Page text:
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Significado de “whole” - Diccionario Inglés

Significado de "whole" - Diccionario Inglés

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wholeadjective

uk   /həʊl/  us   /hoʊl/
A2 complete or not ​divided: I ​spent the whole ​daycleaning. There's still a whole ​month till my ​birthday. After my ​exerciseclass, my whole ​bodyached. The whole ​town was ​destroyed by the ​earthquake. This whole thing (= ​situation) is ​ridiculous. Bill does nothing but ​complain the whole time (= all the ​time). You have to ​stand up in ​court and ​promise to ​tell "the ​truth, the whole truth, and nothing but the ​truth". Her ​dancecompositionsadded a whole (= ​completely) new ​dimension to the ​contemporarydancerepertoire.
informal used to ​emphasize something: I have a whole ​pile of ​work to do this ​afternoon. The new ​computers are a whole lot (= much)faster.

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wholeadverb

uk   /həʊl/  us   /hoʊl/

wholenoun [C usually singular]

uk   /həʊl/  us   /hoʊl/
a ​complete thing: Two ​halves make a whole. You should ​consider each ​problem as an ​aspect of the whole.
the whole of sth
B1 all of something: I'll be on ​holiday the whole of next ​week. The whole of his ​finger was ​bruised. The whole of the ​school (= everyone in the ​school) had come to the ​fair.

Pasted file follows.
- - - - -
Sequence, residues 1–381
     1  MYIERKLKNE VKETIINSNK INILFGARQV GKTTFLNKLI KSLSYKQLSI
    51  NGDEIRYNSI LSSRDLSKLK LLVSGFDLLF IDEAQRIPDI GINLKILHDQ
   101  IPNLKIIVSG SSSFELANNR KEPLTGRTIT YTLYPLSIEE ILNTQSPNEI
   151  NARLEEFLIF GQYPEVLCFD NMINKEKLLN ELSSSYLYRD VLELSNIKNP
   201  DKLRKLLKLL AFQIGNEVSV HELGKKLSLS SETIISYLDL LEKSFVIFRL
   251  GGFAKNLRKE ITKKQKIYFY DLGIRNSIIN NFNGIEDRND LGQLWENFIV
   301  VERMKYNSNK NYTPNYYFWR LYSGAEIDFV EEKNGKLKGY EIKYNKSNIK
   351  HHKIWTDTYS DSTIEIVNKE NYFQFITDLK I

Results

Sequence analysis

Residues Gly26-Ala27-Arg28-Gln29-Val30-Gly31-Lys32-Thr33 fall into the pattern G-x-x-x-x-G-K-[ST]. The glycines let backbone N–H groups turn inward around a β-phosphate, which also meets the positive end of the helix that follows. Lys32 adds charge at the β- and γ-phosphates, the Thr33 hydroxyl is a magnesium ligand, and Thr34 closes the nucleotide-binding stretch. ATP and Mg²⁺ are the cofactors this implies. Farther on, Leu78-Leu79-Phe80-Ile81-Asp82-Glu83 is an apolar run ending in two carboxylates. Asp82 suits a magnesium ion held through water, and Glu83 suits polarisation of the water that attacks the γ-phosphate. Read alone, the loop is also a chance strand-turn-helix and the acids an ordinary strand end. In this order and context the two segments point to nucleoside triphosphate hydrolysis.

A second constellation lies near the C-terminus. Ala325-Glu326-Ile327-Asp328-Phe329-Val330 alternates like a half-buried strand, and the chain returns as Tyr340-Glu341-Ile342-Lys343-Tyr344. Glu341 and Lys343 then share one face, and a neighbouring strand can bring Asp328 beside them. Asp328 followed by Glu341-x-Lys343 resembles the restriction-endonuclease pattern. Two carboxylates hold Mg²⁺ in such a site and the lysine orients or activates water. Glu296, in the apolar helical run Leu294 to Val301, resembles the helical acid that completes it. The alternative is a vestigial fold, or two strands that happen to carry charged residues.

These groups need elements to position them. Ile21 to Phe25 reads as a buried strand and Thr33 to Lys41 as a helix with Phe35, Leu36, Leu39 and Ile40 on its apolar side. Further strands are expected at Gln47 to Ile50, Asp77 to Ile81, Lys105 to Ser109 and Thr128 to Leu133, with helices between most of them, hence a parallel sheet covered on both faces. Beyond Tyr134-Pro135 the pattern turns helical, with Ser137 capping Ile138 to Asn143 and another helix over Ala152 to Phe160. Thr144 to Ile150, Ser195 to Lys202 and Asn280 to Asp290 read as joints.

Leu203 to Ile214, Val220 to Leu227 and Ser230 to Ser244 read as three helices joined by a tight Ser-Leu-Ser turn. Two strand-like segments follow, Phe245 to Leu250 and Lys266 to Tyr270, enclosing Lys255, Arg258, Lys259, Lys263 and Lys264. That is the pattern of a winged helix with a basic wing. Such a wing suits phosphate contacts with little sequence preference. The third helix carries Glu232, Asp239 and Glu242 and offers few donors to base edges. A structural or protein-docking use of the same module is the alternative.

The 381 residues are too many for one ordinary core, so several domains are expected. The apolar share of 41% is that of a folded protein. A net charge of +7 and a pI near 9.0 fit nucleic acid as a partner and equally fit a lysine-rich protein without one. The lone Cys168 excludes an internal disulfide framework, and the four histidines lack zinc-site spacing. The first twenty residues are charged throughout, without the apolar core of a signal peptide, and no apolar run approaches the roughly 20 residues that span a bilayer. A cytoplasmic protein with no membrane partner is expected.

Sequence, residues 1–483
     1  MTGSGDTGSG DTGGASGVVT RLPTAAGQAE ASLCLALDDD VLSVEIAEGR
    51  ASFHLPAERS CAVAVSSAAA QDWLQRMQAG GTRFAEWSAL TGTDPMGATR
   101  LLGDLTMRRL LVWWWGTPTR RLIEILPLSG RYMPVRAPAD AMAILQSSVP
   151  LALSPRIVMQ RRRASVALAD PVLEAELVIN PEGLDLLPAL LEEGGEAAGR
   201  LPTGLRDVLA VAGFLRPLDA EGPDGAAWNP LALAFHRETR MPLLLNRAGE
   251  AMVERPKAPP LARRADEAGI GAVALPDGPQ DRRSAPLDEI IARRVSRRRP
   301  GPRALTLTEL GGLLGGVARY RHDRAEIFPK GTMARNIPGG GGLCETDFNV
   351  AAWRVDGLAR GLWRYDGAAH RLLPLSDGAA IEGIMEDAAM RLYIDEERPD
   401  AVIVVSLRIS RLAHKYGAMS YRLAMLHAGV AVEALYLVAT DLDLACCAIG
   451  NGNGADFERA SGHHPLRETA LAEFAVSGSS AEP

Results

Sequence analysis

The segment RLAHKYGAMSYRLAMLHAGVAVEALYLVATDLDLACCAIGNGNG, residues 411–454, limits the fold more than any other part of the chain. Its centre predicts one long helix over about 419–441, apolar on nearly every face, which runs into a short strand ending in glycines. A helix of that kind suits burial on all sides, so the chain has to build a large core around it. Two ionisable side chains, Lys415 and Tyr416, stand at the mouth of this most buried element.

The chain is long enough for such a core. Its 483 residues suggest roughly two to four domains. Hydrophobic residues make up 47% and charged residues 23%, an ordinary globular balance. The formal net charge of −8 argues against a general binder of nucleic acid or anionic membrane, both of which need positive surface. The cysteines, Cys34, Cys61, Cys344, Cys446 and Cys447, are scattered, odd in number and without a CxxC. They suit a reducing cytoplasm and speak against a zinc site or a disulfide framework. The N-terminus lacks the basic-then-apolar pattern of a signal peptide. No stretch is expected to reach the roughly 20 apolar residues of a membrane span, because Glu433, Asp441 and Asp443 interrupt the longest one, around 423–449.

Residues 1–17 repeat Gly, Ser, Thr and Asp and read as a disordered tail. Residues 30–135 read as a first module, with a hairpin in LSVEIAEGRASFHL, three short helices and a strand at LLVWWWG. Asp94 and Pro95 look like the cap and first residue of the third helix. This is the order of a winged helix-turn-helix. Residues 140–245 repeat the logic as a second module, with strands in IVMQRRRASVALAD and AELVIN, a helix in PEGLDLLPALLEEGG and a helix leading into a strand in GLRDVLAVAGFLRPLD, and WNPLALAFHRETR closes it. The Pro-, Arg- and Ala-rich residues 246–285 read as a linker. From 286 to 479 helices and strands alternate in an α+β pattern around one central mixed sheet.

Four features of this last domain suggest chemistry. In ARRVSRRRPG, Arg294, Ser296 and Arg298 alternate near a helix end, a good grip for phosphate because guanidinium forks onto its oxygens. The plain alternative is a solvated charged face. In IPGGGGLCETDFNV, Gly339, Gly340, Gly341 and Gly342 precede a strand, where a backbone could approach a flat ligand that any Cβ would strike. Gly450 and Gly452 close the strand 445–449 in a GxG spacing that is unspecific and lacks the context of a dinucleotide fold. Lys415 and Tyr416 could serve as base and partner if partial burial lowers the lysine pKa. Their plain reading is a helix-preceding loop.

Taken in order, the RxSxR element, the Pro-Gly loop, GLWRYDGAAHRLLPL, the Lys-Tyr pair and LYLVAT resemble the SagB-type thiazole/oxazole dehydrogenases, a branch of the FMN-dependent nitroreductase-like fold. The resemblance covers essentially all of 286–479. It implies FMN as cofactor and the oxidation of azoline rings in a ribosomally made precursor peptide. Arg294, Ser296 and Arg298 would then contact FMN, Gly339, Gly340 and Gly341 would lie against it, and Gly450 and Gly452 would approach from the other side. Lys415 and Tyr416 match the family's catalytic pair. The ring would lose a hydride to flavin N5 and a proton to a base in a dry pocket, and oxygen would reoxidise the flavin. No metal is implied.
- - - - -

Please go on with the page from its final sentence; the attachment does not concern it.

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(Definition of whole from the Cambridge Advanced Learner's Dictionary & Thesaurus © Cambridge University Press)

Significado de "whole" - Diccionario Inglés Americano

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wholeadjective [not gradable]

 us   /hoʊl/
all of something; the ​fullamount: Painting the two ​rooms will take the whole ​day. He ​cooked a ​meal for the whole ​school.
Whole can also ​mean in one ​piece: You can ​eat the ​fruit whole or ​cut it up.
infml Whole can also be used to ​emphasize something: I’ve got a whole lot to do this ​afternoon.

wholenoun [C/U]

 us   /hoʊl/
all of the ​parts of something ​considered together as one thing, or all of something: [C] Two ​halves make a whole. [U] She’ll be away the whole of next ​month.
(Definition of whole from the Cambridge Academic Content Dictionary © Cambridge University Press)
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“whole” in American English

There, their and they’re – which one should you use?
There, their and they’re – which one should you use?
by ,
April 27, 2016
by Liz Walter If you are a learner of English and you are confused about the words there, their and they’re, let me reassure you: many, many people with English as their first language share your problem! You only have to take a look at the ‘comments’ sections on the website of, for example, a popular

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nutty

containing, tasting of, or similar to nuts

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bio-banding noun
bio-banding noun
April 25, 2016
in sport, grouping children according to their physical maturity rather than their age ‘When we’re grouping children for sports, we do it by age groups, but the problem is that, within those age groups, we get huge variations in biological age,’ said Dr Sean Cumming, senior lecturer at the University of Bath’s department for

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